Patrolling on foot to convey a sense of omnipresence and deter crime had been a cornerstone of policing dating back to the night watch. The Philadelphia Foot Patrol Experiment would challenge the assumptions head on, and provide new evidence that foot patrols deployed in hot spots can impact crime. The 60 beats that officers would ultimately patrol were identified using block randomization. Given a two-tailed test and a presupposed alpha of 0.10, 60 beats in the treatment condition and 60 beats in the control condition indicated that power was adequate when the effect size was large or medium, but low when effect size was small. The Philadelphia Foot Patrol Experiment’s statistical power was comparable to other randomized experiments testing the impact of hot spots or other place-based strategies. The results suggested that a beat needed to have a threshold level of violence prior to the intervention in order to detect statistically meaningful change.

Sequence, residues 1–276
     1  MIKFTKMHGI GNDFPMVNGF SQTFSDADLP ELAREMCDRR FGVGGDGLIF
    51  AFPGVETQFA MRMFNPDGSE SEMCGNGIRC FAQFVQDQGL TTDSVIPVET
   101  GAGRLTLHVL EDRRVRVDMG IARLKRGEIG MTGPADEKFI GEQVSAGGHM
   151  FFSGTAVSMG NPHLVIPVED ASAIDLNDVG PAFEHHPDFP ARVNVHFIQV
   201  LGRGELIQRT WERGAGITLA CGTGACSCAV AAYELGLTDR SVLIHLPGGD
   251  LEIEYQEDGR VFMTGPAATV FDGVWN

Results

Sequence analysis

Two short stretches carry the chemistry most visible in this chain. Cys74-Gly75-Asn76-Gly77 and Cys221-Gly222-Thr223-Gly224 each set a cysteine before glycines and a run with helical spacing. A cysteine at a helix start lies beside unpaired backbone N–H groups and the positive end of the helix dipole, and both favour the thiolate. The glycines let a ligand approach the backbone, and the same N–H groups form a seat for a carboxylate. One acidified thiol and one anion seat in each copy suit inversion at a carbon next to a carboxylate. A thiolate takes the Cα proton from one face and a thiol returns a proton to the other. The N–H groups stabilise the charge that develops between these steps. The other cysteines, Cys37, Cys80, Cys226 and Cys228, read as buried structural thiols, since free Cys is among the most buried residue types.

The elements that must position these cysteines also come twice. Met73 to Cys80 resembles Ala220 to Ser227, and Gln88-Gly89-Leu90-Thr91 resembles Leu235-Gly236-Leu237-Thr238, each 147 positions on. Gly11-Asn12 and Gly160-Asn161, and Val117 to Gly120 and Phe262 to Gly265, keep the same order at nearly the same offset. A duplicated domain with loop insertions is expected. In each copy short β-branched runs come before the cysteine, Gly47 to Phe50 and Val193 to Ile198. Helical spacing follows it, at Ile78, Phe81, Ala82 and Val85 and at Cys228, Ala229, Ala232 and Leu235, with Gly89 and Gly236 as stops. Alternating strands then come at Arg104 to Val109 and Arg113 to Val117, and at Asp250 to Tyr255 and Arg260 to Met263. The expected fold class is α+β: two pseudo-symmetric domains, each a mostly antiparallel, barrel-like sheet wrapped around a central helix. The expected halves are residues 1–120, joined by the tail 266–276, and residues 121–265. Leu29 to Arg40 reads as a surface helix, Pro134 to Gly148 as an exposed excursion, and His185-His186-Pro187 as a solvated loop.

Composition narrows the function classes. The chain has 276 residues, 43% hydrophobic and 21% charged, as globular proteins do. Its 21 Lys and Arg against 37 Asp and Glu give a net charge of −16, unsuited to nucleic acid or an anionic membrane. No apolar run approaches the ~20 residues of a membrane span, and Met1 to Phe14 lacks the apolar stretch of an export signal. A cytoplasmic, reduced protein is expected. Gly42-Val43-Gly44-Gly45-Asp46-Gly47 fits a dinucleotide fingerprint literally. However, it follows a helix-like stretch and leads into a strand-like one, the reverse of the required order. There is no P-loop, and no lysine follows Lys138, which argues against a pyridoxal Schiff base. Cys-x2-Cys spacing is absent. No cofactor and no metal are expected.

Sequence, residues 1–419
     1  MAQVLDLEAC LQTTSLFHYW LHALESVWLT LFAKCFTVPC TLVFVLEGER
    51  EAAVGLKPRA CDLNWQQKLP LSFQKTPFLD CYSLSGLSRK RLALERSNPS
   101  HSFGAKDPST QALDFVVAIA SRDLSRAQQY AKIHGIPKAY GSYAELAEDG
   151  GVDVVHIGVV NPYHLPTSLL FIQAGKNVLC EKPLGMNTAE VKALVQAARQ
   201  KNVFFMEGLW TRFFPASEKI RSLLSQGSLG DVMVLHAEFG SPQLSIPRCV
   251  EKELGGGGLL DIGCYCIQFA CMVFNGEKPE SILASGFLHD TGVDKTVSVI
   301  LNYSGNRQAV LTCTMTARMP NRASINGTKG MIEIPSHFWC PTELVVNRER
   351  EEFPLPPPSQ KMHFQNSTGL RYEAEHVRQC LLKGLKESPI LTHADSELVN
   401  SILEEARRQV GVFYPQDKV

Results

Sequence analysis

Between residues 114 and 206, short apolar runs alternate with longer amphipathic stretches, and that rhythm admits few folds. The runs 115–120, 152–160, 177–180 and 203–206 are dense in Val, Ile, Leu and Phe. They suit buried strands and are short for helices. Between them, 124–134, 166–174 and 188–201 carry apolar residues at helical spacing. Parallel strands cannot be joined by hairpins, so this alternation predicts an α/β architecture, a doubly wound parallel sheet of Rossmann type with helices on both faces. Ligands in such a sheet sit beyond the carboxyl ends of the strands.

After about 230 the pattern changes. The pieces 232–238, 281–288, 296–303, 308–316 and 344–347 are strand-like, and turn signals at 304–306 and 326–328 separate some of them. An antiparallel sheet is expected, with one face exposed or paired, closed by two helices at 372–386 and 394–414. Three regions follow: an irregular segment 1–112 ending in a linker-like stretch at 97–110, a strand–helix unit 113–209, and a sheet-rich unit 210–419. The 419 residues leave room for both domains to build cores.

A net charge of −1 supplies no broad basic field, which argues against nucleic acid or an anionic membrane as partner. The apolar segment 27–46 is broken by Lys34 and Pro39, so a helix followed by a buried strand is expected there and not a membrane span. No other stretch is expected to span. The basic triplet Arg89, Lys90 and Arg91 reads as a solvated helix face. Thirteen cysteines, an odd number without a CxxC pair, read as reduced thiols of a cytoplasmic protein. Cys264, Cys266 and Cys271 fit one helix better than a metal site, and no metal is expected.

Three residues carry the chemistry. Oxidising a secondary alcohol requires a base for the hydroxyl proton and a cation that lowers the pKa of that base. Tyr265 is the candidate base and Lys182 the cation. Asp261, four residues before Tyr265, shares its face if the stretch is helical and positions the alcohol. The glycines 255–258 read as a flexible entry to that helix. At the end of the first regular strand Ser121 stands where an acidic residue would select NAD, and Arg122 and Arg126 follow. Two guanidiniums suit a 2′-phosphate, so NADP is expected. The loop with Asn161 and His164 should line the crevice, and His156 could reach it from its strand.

|Original language||English (US)|
|Title of host publication||The Encyclopedia of Research Methods in Criminology and Criminal Justice|
|Subtitle of host publication||Volume II: Parts 5-8|
|Number of pages||6|
|State||Published - Jan 1 2021|
All Science Journal Classification (ASJC) codes
- Social Sciences(all)